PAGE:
“If you’re gonna Instagram your drink, you might as well make it look good.” — A wise Philadelphia bartender
It’s not easy to make drinks look good on Instagram, even if the glass you’re snapping is your first of the night. Bars are often dimly lit, booze is usually some shade of brown and glasses just don’t offer that many good angles. However, if you’re going to risk side eye from bartenders or friends who just want you to take a sip already, you might as well make an effort.
Budding cocktail photographers, we’re here to help. Follow the Billy Penn guide to Instagramming your drink and start raking in the likes. Cheers.
Be smart with candles
Many bars use candles to enhance the low-light atmosphere, and it can be tempting to pull a tea light next to your glass before you snap. Hold that thought. If you put the candle directly in the frame, it’ll throw off the exposure, and everything that’s not directly around the flame will end up darker than it would have been otherwise. Solution: place the light source behind your drink, so it’s hidden but gives the liquid inside the glass a luminous glow.
Look for elegant garnishes
Ostensibly there to provide an extra flavor nuance, garnishes are also used for visual effect. A paper parasol or out of control mint bouquet can overwhelm your photo, but a curlicued twist, slice of orange or toothpick full of olives will add a point of interest and expand the color palette of your composition.
Get rid of the napkin
Most bar tops have great textures, whether they’re marble, wood or polished metal — that’s why a protective coaster or cocktail napkin goes beneath your drink when its served. Pull it out of the way before you frame your shot and you’ll end up with less distracting shapes and better patterns in the background. This is especially true if you go with the often-popular overhead view.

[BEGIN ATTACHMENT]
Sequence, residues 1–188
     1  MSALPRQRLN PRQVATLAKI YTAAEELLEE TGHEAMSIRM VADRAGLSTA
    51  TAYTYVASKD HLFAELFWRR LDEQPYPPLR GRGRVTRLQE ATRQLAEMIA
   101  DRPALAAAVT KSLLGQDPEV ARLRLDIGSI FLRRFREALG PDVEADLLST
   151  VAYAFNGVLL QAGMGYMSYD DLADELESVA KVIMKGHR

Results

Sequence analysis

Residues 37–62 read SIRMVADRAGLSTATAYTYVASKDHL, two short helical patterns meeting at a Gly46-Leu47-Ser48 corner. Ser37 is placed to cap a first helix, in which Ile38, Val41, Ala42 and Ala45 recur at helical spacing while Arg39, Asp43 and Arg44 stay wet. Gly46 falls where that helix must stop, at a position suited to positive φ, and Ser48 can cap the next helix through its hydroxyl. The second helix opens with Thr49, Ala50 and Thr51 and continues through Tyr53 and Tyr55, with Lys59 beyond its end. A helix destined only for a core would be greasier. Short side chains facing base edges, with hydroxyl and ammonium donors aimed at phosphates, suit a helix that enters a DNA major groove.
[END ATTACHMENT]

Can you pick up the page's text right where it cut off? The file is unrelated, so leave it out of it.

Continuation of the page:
Avoid chilled glasses
Unless it’s a swizzle, which has a garnish-bedecked mountain of shaved ice towering over its rim, a chilled vessel is going to hide whatever it is you want to shoot. As the glass frosts over, it not only obscures any cool ice or garnishes inside, its loses dimensionality — the lack of reflections will make it look flat.
Play with ice
If you’re having trouble finding a great view, try a close-up. This works especially well at bars that serve drinks chilled with giant cubes or hand-cut orbs, because those blocks of frozen water act as prisms. Move your glass around to find the background that best creates a psychedelic motifs as it’s reflected through the ice.
Capture the process
Even when the finished drink doesn’t look that compelling, the process of making it can provide photogenic scenes. If you can get a good angle without disrupting the bartender practicing his or her craft, try a few snaps while the drink is being strained, stirred or garnished — they’re guaranteed to be more unique than just the glass sitting on the bar.
Make your bartender the star
If they’re willing and have time, you can go further and ask the bartender or server to hold your drink and act as a model. Closeups with tattoos are an especially fun way to add visual flair.
Include the menu
Propping up a menu behind your drink can solve a couple of potential problems. You can use it to block out a distracting background or to reflect more light on your glass. As an added bonus, it adds an automatic shout out to whatever establishment you’re patronizing (and it’s good for refreshing your memory).
Snap now, post later
Taking photos of your cocktail is one thing, but once you jump on Instagram to try to post, you’re taken out of the moment. Unless you’re out drinking by yourself (which, not a problem), it’s much friendlier and more courteous to stock your camera roll with shots, then wait until later to post them — you’ll have plenty of time the next morning, or even in the Uber home. Your tweaks (see below) will probably turn out better, too.
Skip the filters, use the tools
Valencia, Mayfair, Crema or Toast? For the grand majority of food and beverage shots, the correct answer is “none of the above.” Instead of applying a filter, click the wrench to access the row of photo editing tools. After a few rounds, you’ll find your own enhancement mojo, but here’s a good starting path: increase brightness and contrast, tweak saturation, add a vignette (darkening around the edges) and consider a “tilt shift” to blur items in the background. If your pic is overly yellow (it happens often in low light), play with the “warmth” slider to remove that cast. It takes a bit longer to prep your photo this way, but the gain in hearts is well worth it.
All photos by Danya Henninger